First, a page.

What I do want to talk about is an awesome Pinboard utility called Shiori. A free download for OS X, Shiori is a Pinboard utility that allows you to quickly add new bookmarks to your Pinboard account and just as quickly search all of the contents of your account.
Shiori runs in the menu bar, and both its add and search functions can be accessed by a pair of useful keyboard shortcuts. Have a look inside as we go hands on with Shiori on video. If you’re at all interested in saving bookmarks for the longterm, then I’m positive you’ll find Shiori useful. Read More
By Jeff Benjamin on Nov 30, 2013
When you initially install OS X, there are a few items that are placed in your menu bar by default. There are a couple of ways to go about adding or removing stock OS items from your menu bar in an effort to keep it tidy and organized.
In this tutorial, we’ll cover some of the basic menu bar management tips for stock menu bar items. This includes basic tips on rearranging, removing, and adding items back to the menu bar. We’ve also got a handy video showcasing some of the basic concepts of stock menu bar item management. Have a look inside for more details. Read More
By Lory Gil on Nov 16, 2013
A few weeks ago, we explained how to set up iCloud Keychain so that your username and password information can be stored and synced across all of your compatible devices, including Mac desktops and laptops running OS X Mavericks.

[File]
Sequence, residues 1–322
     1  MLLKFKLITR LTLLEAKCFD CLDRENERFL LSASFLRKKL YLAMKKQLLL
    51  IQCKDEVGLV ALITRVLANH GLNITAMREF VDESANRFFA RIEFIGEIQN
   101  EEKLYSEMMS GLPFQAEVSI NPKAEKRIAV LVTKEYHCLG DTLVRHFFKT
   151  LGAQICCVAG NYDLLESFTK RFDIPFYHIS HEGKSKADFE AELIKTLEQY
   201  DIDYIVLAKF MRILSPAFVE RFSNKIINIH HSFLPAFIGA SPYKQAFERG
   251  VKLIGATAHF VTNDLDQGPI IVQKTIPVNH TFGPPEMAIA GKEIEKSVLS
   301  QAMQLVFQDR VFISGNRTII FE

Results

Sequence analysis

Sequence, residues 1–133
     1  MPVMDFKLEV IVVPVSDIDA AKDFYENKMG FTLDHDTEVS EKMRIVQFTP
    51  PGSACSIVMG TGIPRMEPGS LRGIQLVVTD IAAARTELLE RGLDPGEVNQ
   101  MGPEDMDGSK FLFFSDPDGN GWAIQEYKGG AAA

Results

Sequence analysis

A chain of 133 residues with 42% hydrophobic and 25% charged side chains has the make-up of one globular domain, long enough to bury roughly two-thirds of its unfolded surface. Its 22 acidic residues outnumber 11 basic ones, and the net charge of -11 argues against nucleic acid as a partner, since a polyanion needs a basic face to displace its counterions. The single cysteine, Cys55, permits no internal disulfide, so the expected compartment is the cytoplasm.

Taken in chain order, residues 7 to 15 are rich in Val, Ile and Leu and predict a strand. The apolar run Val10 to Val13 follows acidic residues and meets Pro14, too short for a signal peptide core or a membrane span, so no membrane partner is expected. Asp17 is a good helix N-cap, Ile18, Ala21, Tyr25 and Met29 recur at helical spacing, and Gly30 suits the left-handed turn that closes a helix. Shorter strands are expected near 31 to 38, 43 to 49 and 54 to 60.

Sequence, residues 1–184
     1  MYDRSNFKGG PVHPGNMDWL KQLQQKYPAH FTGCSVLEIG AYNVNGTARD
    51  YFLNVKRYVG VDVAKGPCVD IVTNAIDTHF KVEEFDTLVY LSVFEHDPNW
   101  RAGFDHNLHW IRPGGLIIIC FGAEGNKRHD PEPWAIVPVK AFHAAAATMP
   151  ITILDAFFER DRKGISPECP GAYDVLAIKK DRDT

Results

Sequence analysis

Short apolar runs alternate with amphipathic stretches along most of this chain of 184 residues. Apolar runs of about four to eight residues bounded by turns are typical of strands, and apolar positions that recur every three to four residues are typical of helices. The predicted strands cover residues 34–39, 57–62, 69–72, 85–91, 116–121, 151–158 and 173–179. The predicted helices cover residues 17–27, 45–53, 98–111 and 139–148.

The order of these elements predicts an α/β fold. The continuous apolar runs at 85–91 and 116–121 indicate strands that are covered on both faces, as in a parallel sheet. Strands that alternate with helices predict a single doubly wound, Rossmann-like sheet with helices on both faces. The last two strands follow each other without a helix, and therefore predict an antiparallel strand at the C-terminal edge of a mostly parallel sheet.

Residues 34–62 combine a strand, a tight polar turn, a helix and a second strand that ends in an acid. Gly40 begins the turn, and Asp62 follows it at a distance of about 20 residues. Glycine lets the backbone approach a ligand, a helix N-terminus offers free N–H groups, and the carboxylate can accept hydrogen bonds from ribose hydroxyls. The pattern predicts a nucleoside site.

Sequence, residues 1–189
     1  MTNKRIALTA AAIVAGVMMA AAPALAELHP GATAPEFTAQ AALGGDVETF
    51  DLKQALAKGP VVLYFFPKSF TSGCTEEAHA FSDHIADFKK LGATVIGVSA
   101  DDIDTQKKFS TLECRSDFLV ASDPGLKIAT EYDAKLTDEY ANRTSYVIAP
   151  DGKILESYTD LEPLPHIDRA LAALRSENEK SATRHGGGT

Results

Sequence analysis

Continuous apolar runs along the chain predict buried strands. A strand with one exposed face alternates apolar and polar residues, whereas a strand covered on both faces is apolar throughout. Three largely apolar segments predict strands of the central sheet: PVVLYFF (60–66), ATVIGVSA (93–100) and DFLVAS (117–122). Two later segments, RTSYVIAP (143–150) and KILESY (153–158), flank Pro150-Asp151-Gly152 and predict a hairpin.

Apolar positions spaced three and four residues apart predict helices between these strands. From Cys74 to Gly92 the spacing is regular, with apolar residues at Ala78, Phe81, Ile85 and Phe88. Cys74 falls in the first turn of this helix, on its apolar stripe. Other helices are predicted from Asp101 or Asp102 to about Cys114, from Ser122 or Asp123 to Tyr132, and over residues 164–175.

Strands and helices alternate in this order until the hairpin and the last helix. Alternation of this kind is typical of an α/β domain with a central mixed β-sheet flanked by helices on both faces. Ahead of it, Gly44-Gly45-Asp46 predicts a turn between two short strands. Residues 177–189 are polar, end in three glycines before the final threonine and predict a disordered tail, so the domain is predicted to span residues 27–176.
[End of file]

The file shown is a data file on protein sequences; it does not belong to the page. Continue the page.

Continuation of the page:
If you’ve started using iCloud Keychain, you may have noticed that you will be prompted to use the service for certain additional features, like creating new passwords and automatically storing credit card information through Safari’s AutoFill feature.
We have a quick tutorial to show you how to turn on the AutoFill feature on your iPhone, and how to manually add credit cards so that you can use it to fill in online purchase forms faster… Read More
By Jeff Benjamin on Nov 12, 2013
As we covered in an earlier tutorial, the app switcher in iOS 7 provides the ability to do some pretty cool things that you could never do in previous firmware.
For starters, there’s the ability to use swipe gestures to kill apps — even multiple apps at the same time by using more than one finger. Next, you have the ability to see what’s going on in each of the running apps, courtesy of the switcher’s new full screen app snapshots.
One of the positive side effects of this new app switcher view are the “multitasking” possibilities that stem out of it. First, let me clear the air and state the obvious — this isn’t true multitasking; but as we showed you already, by thinking outside of the box, you can stretch the app switcher’s abilities to meet your needs.
One such need was stumbled upon by reader Matthew Seltzer. After watching our initial app switcher tutorial, he discovered a handy way to get even more out it. If you happen to have a Bluetooth keyboard connected to your iPad, you can take advantage of the last app’s focus in order to continue to type while the app switcher is open. Read More